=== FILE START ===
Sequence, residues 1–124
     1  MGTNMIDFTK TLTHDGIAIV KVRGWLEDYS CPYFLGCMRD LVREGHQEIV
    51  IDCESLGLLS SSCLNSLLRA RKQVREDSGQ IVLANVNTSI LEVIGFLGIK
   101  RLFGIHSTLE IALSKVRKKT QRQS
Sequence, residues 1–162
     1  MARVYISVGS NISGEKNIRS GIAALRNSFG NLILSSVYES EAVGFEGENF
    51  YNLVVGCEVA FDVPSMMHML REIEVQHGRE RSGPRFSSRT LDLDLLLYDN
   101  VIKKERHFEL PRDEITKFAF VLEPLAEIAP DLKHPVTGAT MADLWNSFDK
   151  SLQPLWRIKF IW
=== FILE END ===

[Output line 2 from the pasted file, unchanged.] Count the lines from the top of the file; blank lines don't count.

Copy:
     1  MGTNMIDFTK TLTHDGIAIV KVRGWLEDYS CPYFLGCMRD LVREGHQEIV